Fostering Appreciation for Educational Materials Past

"This is the digital age!" My son shouted from the hall as he stomped towards his bedroom. I heard a faint, "But my friends don't have to use ridiculous books like this at their house." All I could do was sigh and recall the days I spent flipping through book after book as I sat at the big desk built into the wall of the basement. That desk was surrounded by bookshelves and each shelf was filled from side to side with all the knowledge one could ever desire to embrace. 

"It seems like that was just yesterday." I thought to myself. But that isn't the world where my children are being raised . . . 

In my fourth grader's classroom, there is a digital board where they connect to the Internet and watch science shows on YouTube. Internet Explorer is the replacement for math worksheets and textbooks as the children in his class connect to ScootPad. Within a few weeks, my son and all of his classmates will be using that same system for reading and spelling. Something that is expected to be utilized at home for homework, too. If ever there is a question, a quick email is all it takes to receive an answer.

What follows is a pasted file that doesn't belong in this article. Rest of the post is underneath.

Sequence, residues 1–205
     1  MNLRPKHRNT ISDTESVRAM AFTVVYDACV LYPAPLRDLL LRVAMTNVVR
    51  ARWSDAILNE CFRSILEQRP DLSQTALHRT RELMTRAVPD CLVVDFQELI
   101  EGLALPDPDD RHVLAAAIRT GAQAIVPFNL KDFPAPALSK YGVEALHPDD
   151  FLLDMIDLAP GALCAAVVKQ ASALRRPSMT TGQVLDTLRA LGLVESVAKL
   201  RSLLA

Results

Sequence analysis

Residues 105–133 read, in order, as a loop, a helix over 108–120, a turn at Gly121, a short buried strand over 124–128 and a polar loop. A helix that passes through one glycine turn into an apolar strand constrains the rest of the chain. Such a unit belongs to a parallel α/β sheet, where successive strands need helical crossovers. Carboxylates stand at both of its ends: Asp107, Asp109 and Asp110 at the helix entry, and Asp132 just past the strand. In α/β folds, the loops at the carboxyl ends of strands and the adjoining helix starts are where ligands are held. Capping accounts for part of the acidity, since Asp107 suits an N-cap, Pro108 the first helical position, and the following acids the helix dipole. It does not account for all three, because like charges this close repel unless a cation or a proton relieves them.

No human contact.

No work on penmanship.

No pride in watching lines on a paper evolve into a new experience with mythological worlds and creatures. 

Technology has fueled a shift in how educators educate and how students learn. The systems bring with them a drive and desire for everything in the now. There is no effort to obtain new knowledge and if effort is required, it's not worth the work. 

Even though my own home is connected at every nook and crannie; I still purchase tangible books, look through a thick Webster's Dictionary for definitions, and I honor lined paper by scribbling non sequiturs.

I'm brought back to the present as my son shuts his door with force, rattling the wall. I knock and wait for permission to reach within his space. On his desk, he has a dictionary opened to the word he didn't understand and his eyes are bright as he says, "The word isn't sus-pick-e-uh-sly it is suspiciously and it means, questionable!" 

Without a second thought, I smiled and said, "That is the allure of the dictionary."



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About MystiReutlinger

Ehlers Danlos Syndrome brings great pain and fatigue to Mysti and her two children. She is currently blogging about their experiences at www.EhlersDanlosLife.com.


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